Weather Derivatives: Answers to 10 most popular questions – Part A

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In this post I’ll try to make a brief introduction to weather derivatives in the form of Q&A. I will try to answer with simple words the ten most common questions related to weather derivatives. Read below the first part.

1) What is a Weather Derivative?

Weather derivatives are financial instruments that can be used by organizations or individuals as part of a risk management strategy to reduce risk associated with adverse or unexpected weather conditions. Just as traditional contingent claims, whose payoffs depend upon the price of some fundamental, a weather derivative has an underlying measure such as rainfall, temperature, humidity, or snowfall.

2) What is the difference between Weather Derivatives and traditional financial derivatives?

The difference from other derivatives is that the underlying asset has no value and it cannot be stored or traded (for example a stock or a commodity like gold) while at the same time the weather should be quantified in order to be introduced in the weather derivative. To do so, temperature, rainfall, precipitation, or snowfall indices are introduced as underlying assets.

 3) What type of events do Weather Derivatives cover?

In general, weather derivatives are designed to cover non-catastrophic weather events. Rainy or dry and warm or cold periods which are expected to occur frequently can cause large fluctuation on the revenues of a particular company. A company that uses weather derivatives as a part of its hedging strategy can eliminate the risk related to weather.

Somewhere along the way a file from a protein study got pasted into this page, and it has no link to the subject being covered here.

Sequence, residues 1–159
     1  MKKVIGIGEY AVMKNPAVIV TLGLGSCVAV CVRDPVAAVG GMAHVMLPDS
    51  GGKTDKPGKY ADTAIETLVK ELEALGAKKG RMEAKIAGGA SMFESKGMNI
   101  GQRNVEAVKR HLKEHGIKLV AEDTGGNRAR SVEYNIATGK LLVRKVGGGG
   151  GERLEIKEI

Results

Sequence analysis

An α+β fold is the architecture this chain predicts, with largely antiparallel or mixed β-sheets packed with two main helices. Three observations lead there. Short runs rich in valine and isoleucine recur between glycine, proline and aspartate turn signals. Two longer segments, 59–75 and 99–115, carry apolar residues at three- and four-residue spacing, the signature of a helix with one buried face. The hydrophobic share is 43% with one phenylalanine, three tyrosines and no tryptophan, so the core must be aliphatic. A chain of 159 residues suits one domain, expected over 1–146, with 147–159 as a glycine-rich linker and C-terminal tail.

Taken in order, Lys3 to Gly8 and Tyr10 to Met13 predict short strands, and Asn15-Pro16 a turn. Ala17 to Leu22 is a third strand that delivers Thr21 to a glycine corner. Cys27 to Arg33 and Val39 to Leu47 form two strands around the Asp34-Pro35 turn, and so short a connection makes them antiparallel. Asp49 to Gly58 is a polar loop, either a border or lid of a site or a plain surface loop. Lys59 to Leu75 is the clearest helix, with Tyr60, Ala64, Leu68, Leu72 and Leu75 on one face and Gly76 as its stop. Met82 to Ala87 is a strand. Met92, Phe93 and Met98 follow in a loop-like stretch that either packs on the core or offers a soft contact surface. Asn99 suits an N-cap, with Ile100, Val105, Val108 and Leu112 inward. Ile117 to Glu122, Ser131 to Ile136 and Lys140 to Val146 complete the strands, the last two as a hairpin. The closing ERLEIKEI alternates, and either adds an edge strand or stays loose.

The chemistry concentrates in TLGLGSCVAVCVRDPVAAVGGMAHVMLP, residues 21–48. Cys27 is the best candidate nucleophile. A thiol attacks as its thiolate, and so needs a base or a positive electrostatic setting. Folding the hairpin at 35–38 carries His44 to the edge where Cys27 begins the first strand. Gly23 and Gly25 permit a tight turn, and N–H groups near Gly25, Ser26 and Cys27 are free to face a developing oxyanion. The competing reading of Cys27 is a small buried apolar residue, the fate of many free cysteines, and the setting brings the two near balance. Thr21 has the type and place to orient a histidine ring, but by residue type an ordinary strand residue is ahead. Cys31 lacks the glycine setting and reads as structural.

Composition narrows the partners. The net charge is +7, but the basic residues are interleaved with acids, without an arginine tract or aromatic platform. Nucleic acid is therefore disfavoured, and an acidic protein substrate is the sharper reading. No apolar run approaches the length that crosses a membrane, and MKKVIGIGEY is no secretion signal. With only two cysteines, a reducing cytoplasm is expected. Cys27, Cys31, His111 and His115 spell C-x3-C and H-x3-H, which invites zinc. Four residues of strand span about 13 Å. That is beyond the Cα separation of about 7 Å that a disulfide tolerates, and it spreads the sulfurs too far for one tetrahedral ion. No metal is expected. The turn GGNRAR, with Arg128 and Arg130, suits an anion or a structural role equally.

4) So, does weather affect the economy?

Nearly $1 trillion of the US economy is directly exposed to weather risk. It is estimated that nearly 30% of the US economy and 70% of the US companies are affected by weather.

5) Who uses Weather Derivatives?

Today, weather derivatives are being used for hedging purposes by companies and industries, whose profits can be adversely affected by unseasonal weather or, for speculative purposes, by hedge funds and others interested in capitalizing on those volatile markets.

Read the second part of this article here.

If you have any more question leave them as comments and I’ll try to reply to them or gather them together and answer them in a new post.

If you are interested in learning more about weather derivatives and the weather market you can start by reading: Alexandridis, A. and Zapranis, A. (2013). Weather Derivatives: Modeling and Pricing Weather-Related Risk. New York, USA: Springer.

1 thought on “Weather Derivatives: Answers to 10 most popular questions – Part A

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